Manchester United stalwart Ryan Giggs is hopeful he can reach a landmark 1000 games for the club before he retires.
Giggs has made 904 appearances for United since making his debut for the club 22 years ago, a club record that will take some beating. The 38-year-old has revealed he is not considering retiring any time soon, however - with a four-figure milestone firmly in his thinking.
The former Wales international has played 20 of United's 30 Premier League matches so far this season, and agreed a one-year contract extension at Old Trafford last month.
"It's nice to have played 900 games for Manchester United -- that's special," Giggs said, in a interview with Gazzetta Dello Sport. "But I don't look too far into the future - I just try and enjoy the moment and do my best.
"If it's to be 10 more games then so be it. If it's to be 100 more games then that would be great."
When asked what he plans to do when he does finally hang up his boots, Giggs acknowledged that he hoped to stay in the game in a coaching capacity - although he stopped short of suggesting he will look to manage the club he has represented for over two decades.
"At the moment I'm focused on playing but I will be involved in football afterwards," he said. "I've done my coaching badges and done all I can to prepare myself for life after football. "But to manage a team like Manchester United? [Pep] Guardiola's done it at Barcelona but even he was the coach of their 'B' team for a couple of years. He had a little bit of experience managing so we'll have to see.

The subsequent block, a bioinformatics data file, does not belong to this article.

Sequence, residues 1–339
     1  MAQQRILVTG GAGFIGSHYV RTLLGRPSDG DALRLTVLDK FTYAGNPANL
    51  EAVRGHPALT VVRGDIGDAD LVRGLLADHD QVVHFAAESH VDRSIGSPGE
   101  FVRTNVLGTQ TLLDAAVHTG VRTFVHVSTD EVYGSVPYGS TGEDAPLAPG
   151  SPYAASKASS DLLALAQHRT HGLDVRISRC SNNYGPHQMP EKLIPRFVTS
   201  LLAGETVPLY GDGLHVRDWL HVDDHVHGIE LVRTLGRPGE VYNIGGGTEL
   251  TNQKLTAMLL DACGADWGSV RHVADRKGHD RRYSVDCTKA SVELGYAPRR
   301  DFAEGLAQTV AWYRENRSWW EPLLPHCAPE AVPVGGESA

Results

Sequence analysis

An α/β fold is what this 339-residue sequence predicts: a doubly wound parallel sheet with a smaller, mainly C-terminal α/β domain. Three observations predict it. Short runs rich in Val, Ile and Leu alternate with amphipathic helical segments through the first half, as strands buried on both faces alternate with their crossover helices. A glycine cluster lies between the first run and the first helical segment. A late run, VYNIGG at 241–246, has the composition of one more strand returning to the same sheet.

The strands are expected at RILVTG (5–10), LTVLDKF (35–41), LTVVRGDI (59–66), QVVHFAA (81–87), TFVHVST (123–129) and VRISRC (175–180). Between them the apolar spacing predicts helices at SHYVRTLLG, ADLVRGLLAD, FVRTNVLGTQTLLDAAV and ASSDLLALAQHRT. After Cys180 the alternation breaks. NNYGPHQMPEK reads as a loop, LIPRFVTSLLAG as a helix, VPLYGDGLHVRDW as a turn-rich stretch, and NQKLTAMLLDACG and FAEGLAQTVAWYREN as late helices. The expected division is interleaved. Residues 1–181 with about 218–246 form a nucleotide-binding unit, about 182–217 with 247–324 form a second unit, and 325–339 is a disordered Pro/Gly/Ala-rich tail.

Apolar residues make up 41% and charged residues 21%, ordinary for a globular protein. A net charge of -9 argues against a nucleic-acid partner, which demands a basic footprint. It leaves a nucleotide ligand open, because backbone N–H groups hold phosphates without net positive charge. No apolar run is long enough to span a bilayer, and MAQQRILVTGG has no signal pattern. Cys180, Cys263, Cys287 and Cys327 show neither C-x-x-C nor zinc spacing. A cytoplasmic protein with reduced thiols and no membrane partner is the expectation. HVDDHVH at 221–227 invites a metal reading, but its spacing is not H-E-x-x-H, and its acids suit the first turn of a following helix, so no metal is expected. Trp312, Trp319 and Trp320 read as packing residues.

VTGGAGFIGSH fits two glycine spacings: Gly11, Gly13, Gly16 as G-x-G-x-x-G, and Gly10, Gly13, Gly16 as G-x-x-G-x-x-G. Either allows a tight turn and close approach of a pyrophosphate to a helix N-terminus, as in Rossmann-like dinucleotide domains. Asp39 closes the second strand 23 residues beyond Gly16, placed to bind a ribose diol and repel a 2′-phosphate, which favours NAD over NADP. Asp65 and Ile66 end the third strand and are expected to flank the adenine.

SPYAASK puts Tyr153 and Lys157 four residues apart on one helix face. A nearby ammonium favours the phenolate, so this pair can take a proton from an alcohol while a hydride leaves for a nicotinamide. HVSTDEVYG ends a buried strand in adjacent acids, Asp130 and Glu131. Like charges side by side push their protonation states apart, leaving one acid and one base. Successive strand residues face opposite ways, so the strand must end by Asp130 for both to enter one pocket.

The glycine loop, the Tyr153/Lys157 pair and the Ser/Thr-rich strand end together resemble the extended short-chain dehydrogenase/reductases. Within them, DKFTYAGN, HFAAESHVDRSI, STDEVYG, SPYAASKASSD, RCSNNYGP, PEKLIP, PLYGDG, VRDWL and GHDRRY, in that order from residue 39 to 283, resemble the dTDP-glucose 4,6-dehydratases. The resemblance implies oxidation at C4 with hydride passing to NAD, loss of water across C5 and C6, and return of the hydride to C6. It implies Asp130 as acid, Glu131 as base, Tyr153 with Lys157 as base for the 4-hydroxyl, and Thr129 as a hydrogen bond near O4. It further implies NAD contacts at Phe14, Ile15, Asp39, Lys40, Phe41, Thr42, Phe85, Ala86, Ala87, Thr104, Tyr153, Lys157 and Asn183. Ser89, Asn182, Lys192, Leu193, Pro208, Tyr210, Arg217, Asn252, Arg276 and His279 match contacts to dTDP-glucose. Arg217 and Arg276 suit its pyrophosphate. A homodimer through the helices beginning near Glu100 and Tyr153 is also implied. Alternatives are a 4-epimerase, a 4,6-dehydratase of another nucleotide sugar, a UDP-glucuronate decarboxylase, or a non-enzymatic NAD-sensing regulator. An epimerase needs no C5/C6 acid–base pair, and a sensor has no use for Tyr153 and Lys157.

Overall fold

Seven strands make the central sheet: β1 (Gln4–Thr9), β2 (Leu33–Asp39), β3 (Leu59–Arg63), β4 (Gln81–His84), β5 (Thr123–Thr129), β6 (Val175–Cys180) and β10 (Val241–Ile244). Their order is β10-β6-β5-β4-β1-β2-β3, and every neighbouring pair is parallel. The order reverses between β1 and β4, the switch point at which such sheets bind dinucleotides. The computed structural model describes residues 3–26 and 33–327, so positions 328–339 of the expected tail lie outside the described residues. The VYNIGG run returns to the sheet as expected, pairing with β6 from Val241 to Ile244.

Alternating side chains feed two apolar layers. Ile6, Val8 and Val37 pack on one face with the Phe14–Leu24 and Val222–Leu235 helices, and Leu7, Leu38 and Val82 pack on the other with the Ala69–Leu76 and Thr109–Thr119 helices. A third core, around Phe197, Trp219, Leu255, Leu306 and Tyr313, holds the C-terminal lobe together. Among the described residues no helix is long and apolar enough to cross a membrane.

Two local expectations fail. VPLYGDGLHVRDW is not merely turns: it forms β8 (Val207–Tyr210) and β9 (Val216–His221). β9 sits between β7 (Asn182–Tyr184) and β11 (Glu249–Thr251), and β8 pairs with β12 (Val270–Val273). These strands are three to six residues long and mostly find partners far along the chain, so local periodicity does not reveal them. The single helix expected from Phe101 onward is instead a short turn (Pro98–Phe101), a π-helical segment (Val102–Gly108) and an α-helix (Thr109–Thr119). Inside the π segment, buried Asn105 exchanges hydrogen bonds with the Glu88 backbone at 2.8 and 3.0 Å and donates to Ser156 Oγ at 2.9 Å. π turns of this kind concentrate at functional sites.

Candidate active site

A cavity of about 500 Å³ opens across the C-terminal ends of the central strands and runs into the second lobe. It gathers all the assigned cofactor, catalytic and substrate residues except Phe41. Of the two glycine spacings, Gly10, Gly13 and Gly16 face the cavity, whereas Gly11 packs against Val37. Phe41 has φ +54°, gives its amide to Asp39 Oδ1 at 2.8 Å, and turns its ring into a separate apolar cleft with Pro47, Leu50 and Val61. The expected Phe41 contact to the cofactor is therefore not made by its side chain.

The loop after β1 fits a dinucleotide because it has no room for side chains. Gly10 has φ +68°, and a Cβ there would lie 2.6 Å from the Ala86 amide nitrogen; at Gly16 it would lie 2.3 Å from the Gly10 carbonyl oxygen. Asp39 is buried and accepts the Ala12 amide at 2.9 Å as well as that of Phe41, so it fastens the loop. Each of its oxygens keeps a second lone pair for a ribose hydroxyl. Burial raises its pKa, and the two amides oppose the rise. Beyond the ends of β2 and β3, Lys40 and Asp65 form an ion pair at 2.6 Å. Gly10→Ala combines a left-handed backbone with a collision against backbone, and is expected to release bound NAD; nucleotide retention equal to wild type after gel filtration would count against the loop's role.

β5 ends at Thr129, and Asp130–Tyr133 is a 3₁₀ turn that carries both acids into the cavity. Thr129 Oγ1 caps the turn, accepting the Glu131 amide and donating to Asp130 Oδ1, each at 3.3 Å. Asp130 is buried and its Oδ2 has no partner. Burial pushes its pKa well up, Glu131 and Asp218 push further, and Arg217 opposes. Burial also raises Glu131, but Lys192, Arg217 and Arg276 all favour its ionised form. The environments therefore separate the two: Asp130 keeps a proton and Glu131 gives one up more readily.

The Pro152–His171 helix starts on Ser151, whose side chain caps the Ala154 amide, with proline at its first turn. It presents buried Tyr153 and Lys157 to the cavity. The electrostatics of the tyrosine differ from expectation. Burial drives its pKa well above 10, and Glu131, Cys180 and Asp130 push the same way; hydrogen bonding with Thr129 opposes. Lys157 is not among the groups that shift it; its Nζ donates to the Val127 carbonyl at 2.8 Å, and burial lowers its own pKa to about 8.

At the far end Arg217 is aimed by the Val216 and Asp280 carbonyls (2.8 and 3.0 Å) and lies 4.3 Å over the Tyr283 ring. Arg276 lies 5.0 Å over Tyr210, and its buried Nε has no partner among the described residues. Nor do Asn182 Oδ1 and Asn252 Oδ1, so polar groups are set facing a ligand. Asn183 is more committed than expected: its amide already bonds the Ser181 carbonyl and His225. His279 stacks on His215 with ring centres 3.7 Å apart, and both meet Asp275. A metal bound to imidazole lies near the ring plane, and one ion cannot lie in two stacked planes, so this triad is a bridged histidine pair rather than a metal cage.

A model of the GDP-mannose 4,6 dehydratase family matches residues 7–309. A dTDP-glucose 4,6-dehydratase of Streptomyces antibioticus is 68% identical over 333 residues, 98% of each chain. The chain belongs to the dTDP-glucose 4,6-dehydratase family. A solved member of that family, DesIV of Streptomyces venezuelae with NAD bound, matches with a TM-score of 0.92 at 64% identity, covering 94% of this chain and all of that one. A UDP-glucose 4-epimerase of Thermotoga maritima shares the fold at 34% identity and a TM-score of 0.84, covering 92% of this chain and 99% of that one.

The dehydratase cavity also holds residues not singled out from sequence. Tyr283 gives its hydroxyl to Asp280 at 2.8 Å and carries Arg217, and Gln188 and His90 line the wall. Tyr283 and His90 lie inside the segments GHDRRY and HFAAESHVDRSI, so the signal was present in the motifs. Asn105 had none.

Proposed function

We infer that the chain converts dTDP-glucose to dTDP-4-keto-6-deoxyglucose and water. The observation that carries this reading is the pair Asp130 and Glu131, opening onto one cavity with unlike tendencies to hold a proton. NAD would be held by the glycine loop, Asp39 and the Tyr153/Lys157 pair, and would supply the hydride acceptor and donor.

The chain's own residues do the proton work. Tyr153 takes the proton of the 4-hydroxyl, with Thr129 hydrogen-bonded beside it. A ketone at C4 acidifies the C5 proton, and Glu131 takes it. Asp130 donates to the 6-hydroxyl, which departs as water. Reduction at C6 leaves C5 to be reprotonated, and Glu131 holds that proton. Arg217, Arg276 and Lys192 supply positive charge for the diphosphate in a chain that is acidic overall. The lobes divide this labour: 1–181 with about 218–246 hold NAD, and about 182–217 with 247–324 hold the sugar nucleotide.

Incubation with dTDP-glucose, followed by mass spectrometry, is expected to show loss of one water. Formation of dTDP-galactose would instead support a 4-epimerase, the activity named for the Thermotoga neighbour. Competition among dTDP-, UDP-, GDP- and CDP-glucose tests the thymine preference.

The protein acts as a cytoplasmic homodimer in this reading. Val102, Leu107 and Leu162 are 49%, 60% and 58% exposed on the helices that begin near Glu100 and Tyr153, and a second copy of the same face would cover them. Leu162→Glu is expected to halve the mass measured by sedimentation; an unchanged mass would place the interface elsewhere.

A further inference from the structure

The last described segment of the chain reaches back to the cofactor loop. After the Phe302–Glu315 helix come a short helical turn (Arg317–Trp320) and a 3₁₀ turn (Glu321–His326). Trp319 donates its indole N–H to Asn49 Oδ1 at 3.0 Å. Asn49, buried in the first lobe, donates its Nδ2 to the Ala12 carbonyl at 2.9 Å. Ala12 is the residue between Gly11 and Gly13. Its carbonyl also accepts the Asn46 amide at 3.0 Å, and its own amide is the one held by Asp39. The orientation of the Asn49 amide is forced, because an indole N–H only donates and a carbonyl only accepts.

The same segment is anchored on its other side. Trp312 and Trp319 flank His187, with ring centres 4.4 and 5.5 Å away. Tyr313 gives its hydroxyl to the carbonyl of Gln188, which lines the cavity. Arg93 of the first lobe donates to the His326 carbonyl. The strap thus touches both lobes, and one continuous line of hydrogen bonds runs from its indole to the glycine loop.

"My goal when I was younger was to play for Manchester United just once. "But then after that you get greedy. You want to be in the team all the time. Then you want to score goals. Then you get really greedy - you want to win trophies and then you win more trophies.
"All these things have happened to me - I realised my dream and at 38 I'm still living my dream. You can't ask for much more."
With observers continuing to marvel at his fitness after so many years in the game, Giggs underlined how seriously he takes the job of keeping his body in peak condition - as well as the importance of adapting his style of play to cope with the things he can no longer do.
"Yoga has definitely helped me. It helps me with training because it gives me the flexibility and the strength to not only play games but train every day," he said. "I rarely miss a training session even if I do a little bit less than the younger players.
"You have to change your way of thinking. I was a quick player when I was younger but now I'm not as quick.
"So you have to use your intelligence and experience on the pitch to adapt your game and change your game - which I have done."
Giggs has won countless trophies during his time with United, including 12 Premier League titles, four FA Cups, three League Cups, two Champions Leagues, one Super Cup, an Intercontinental Cup and a FIFA Club World Cup